June is National Indigenous History Month

June is National Indigenous History Month and June 21 is National Indigenous Peoples Day.

National Indigenous History Month is a time for all Canadians (Indigenous, non-Indigenous, and newcomers) to learn about the histories of Indigenous Peoples. It is a time to reflect upon the history, resilience, and ongoing struggles faced by many Indigenous peoples throughout Canada's past and present.

It is also a time for celebrating the diverse cultures of Indigenous Peoples, a time to celebrate the contributions Indigenous peoples have made to their communities, a time for all of us to learn and grow together. 

Throughout June, themed weeks will highlight various aspects of Indigenous history and perspectives.

Here are the 2024 weekly themes:

June 1 to 9: Environment, traditional knowledge and territory

June 10 to 16: Children and Youth

June 17 to 23: Languages, cultures and arts

June 24 to 30: Women, girls and 2SLGBTQ+ people

How to get involved

There are many ways to participate, such as attending a community event or reading books, watching films, listening to music created by Indigenous creators.

Feel free to explore the following books available at Red Deer Public Library:

Environment, Traditional Knowledge and Territory

Becoming Kin by Patty Krawec (Anishinaabe)

"We find our way forward by going back.  Weaving her own story with the story of her ancestors and with the broader themes of creation, replacement, and disappearance, Krawec helps readers see settler colonialism through the eyes of an Indigenous writer. Settler colonialism tried to force us into one particular way of living, but the old ways of kinship can help us imagine a different future.  Braiding together historical, scientific, and cultural analysis, Indigenous ways of knowing, and the vivid threads of communal memory, Krawec crafts a stunning, forceful call to "unforget" our history. This remarkable sojourn through Native and settler history, myth, identity, and spirituality helps us retrace our steps and pick up what was lost along the chances to honor rather than violate treaties, to see the land as a relative rather than a resource, and to unravel the history we have been taught."

Braiding Sweetgrass by Robin Wall Kimmerer (Potawatomi)

"As a botanist, Robin Wall Kimmerer has been trained to ask questions of nature with the tools of science. As a member of the Citizen Potawatomi Nation, she embraces the notion that plants and animals are our oldest teachers. In Braiding Sweetgrass, Kimmerer brings these lenses of knowledge together to show that the awakening of a wider ecological consciousness requires the acknowledgment and celebration of our reciprocal relationship with the rest of the living world. For only when we can hear the languages of other beings are we capable of understanding the generosity of the earth, and learning to give our own gifts in return."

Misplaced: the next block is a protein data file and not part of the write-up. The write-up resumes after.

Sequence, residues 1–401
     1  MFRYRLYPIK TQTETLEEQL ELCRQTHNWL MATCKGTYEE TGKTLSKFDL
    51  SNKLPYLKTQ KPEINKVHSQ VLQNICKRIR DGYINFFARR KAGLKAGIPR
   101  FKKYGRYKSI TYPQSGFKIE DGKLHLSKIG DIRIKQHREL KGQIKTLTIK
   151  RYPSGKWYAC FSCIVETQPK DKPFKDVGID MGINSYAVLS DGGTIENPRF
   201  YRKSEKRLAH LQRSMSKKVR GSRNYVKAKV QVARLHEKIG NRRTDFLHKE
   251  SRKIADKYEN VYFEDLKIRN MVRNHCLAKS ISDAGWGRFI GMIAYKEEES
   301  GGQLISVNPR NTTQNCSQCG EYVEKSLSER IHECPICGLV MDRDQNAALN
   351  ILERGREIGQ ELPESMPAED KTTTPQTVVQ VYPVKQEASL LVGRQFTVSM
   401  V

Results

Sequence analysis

Iwígara by Enrique Salmón (Rarámuri)

"The belief that all life-forms are interconnected and share the same breath—known in the Rarámuri tribe as iwígara—has resulted in a treasury of knowledge about the natural world, passed down for millennia by native cultures. Ethnobotanist Enrique Salmón builds on this concept of connection and highlights 80 plants revered by North America’s indigenous peoples. Salmón teaches us the ways plants are used as food and medicine, the details of their identification and harvest, their important health benefits, plus their role in traditional stories and myths. Discover in these pages how the timeless wisdom of iwígara can enhance your own kinship with the natural world."

Medicine Wheel for the Planet by Jennifer Grenz (Nlaka‘pamux)

"Building on sacred stories, field observations, and her own journey, Dr. Grenz invites readers to share in the teachings of the four directions of the medicine the North, which draws upon the knowledge and wisdom of elders; the East, where we let go of colonial narratives and see with fresh eyes; the South, where we apply new-old worldviews to envision a way forward; and the West, where a relational approach to land reconciliation is realized."

Remembering Our Relations by Athabasca Chipewyan First Nation

"Wood Buffalo National Park is located in the heart of Dénesułıuné homelands, where Dene people have lived from time immemorial. Central to the creation, expansion, and management of this park, Canada's largest at nearly 45, 000 square kilometers, was the eviction of Dénesułıuné people from their home, the forced separation of Dené families, and restriction of their Treaty rights. Remembering Our Relations tells the history of Wood Buffalo National Park from a Dene perspective and within the context of Treaty 8. Oral history and testimony from Dene Elders, knowledge-holders, leaders, and community members place Dénesułıuné voices first. With supporting archival research, this book demonstrates how the founding, expansion, and management of Wood Buffalo National Park fits into a wider pattern of promises broken by settler colonial governments managing land use throughout the twentieth and twenty-first centuries."